What's Tony Thinking

Adventures in Barth


Perhaps some of you have been tuning into the current Crackers and Grape Juice study, “Adventures in Barth”? I am part of the panel, or “posse,” discussing the reading.

We began with the Barmen Declaration, which just marked its 90th Anniversary. Written largely by Karl Barth, it was the protest against Hitler, National Socialism and the so-called “German Christian Church” on behalf of the “Confessing Church”. Other prominent names associated with that movement are Dietrich Bonhoeffer and Martin Niemoeller.

From Barmen, the Adventure has taken us into Barth’s multi-volume work, The Church Dogmatics. It’s the kind of thing you want to read in a study group and maybe with a Barth scholar as a guide. We’ve had two of those with us, Mark Edwards and Marty Folsom. I’ve been reading Marty’s Karl Barth’s Church Dogmatics for Everyone.

While I’ve read bits and pieces of Barth’s work along the way, I’d never before gone deep. Partly because no one was teaching Barth at Union when I was there, which is telling. And partly because Barth’s work is dense and demanding.

But more than that, Barth’s project is really an assault on liberal Protestant theology. What do I mean by that? Was Barth a fore-runner of America’s “Religious Right”? Hardly. As noted, Barth was among the most active in opposing Hitler and the compromises that the German Christian Church made with him. Compromises very much like the “Christian Nationalism” movement today in the U.S. Moreover, Barth was a member of the Socialist party and active in political actions of the working class.

The liberal theology of which I speak, and which dominated the German scene as Barth came of age, took its starting point in some aspect of human experience. Say the experience of awe or dependence, suffering or alienation, politics or class consciousness. Paul Tillich would be a good example.

In our own time, the categories in human experience that served as a starting point have shifted to things like gender, sexuality, race, oppression or building “the beloved community.”

“The world sets the agenda,” is kind of the rallying cry of liberal theology (and in many ways it is now also the cry for conservative, MAGA embracing, churches). Another name for all of this is “natural theology.” Our human concerns, needs and experience are the starting point of natural theology.

Barth said a strong “Nein,” to all this. Seeing his eminent liberal teachers cave to the Nazi movement in the name of German unity and love of the fatherland (Making Germany Great Again), Barth thought the whole theological enterprise needed to be re-thought and grounded in a different approach. For him the starting point is not human experience but the Word of God, which meant first of all, Jesus Christ and the “strange new world of the Bible.” Not natural theology, but revelation and revealed theology.

Though hardly a Barthian scholar, I’m a Barthian by instinct or disposition. I hope that doesn’t sound presumptuous. What I mean by that is that I came into ministry in what I would call a therapeutic era when, again, the starting point was our human experience. What makes me happy and fulfilled? What are our needs and fears? What do I find helpful to me in my personal, spiritual journey? How can Christianity or the Church speak to my, or our, needs?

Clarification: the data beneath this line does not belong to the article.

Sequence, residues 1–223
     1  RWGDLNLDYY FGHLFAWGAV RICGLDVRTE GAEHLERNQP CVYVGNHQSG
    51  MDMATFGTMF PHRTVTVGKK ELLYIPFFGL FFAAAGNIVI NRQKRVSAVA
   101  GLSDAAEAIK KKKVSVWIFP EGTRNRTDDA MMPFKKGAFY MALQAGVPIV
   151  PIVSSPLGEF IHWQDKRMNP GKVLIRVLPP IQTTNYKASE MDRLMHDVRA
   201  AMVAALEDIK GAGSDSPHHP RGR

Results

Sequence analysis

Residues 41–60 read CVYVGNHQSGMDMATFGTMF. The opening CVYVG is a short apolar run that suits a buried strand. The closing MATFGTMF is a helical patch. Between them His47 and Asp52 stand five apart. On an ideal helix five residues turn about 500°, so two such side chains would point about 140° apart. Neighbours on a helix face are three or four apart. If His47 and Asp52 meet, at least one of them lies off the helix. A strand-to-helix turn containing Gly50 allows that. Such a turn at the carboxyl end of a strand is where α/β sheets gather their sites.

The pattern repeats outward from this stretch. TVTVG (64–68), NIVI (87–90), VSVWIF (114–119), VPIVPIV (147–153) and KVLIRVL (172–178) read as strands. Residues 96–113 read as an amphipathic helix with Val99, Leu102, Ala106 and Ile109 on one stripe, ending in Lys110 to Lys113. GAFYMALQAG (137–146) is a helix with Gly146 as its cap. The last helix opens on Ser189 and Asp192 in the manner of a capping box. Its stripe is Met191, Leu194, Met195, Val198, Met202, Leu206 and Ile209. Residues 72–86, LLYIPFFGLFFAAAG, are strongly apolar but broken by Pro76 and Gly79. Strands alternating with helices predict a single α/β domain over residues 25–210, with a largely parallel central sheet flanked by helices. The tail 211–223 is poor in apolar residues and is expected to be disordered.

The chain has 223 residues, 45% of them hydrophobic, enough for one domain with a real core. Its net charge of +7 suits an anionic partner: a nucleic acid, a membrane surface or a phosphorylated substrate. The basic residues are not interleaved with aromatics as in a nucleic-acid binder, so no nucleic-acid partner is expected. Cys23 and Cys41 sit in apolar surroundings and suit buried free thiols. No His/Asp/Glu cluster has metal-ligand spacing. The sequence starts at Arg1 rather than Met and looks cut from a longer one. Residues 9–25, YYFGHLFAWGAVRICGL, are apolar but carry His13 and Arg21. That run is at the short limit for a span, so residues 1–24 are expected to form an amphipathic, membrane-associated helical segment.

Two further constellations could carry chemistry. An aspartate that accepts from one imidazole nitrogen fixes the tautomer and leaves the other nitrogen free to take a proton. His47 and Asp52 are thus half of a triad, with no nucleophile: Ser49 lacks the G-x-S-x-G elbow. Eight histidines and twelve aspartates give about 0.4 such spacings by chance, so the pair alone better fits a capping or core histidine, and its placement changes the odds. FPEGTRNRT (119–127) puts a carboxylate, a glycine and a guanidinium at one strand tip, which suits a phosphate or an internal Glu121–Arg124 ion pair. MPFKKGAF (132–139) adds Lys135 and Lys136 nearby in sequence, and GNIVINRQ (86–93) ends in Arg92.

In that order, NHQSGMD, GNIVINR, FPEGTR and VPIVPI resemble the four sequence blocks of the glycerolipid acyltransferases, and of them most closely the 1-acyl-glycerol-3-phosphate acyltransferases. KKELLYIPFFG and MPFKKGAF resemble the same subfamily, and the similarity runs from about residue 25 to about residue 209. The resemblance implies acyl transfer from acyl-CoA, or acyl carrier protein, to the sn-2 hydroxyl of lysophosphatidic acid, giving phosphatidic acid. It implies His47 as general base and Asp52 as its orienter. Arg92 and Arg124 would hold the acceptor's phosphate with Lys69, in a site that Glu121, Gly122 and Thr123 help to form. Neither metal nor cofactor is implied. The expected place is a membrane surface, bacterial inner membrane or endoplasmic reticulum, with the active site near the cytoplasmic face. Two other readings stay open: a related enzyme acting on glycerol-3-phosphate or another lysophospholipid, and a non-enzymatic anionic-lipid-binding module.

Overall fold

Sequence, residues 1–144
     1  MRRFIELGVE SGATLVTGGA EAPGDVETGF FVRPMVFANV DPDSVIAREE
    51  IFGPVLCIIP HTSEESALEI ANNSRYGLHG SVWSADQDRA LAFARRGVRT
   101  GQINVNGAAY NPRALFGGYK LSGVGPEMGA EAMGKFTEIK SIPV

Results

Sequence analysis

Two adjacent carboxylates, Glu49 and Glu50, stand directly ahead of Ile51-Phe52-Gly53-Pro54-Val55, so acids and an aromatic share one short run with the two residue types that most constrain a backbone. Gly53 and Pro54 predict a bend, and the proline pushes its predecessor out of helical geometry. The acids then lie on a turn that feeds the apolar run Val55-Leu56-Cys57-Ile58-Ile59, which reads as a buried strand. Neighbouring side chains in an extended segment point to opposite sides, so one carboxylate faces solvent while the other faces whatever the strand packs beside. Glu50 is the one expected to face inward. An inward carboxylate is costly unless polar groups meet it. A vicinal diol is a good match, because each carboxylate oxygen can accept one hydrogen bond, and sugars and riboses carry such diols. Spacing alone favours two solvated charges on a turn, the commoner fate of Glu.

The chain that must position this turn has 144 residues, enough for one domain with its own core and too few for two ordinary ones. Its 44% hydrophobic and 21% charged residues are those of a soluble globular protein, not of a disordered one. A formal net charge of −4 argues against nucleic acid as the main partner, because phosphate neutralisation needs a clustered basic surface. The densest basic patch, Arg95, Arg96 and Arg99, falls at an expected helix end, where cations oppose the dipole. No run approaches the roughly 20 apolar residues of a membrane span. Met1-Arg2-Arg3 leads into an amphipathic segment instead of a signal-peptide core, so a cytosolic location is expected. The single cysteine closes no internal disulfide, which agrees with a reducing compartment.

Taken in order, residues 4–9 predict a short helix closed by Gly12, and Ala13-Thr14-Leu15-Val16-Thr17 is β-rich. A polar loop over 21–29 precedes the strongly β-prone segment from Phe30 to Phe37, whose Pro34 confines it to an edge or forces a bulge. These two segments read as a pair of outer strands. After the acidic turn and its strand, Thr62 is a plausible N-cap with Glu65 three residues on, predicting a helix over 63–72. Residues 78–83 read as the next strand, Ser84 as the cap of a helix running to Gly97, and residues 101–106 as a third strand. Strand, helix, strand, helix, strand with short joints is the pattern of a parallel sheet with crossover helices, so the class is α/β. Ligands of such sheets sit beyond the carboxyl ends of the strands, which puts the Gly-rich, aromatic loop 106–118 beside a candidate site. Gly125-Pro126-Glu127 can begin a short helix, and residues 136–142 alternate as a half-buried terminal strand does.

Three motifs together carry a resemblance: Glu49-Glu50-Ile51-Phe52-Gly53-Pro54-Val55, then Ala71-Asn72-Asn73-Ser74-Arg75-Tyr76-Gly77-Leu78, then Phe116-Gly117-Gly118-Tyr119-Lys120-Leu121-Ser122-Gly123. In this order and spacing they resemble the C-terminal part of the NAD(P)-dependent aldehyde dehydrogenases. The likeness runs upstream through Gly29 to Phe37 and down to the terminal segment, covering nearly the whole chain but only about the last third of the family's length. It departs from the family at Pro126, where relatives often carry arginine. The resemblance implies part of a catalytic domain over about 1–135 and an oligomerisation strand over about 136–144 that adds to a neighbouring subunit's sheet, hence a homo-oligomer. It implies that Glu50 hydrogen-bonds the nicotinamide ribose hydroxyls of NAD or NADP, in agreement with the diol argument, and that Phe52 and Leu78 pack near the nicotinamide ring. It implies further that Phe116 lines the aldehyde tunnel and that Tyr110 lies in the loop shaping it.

While one cannot simply dis-regard such questions, they make us humans the focus in ways that aren’t always helpful, and can become quite self-preoccupied. Moreover, they really deprived us of the comfort and power of the Gospel itself. So phrases like, “Let God be God,” and “It’s not about you,” became associated with my ministry, which is what I mean by saying I was Barthian by instinct.

How this played out in my preaching, in particular, is that I didn’t take as my starting point a human experience or need. I didn’t start with say a generalized virtue like “inclusion” and exhort people to be (more) inclusive. I started with the a theological claim like, “All have sinned and all stand in need of grace.” Nor did I start with a human problem, say grief, and look for a Biblical passage to add to the human wisdom on the subject. I started always (still do!) with the Biblical text and asked, “Is there a word from the Lord?”

In this week’s session I quoted a bit from The Church Dogmatics, cited by Marty Folsom in his book mentioned above. It captures what Barth calls us to do, and what I have tried to do.

“I have found by experience,” writes Barth, “that in the last resort the man in the street who is so highly respected by many ecclesiastics and theologians will really take notice of us when we do not worry about what he expects of us but do what we are charged to do.”

I’d paraphrase that along these lines: When preachers and the church take their bearing from what people say they want and need and find relevant, we end up like golden retrievers at a whistler’s convention, i.e. running to and fro, trying to respond to whatever is new or hot or the latest. If, on the other hand, we preach the good news of what God has said and done, what God is saying and doing, we might actually have something to say.

I close with this from Marty: “In coming to church, people should expect to meet with the God who speaks. It is best to come with a sense of wonder, but not wondering what is in it for them. The goal is to know the reality of God and to connect deeply with the God who made them and loves them. Hopefully, they will leave as those who didn’t even know what they were missing.”

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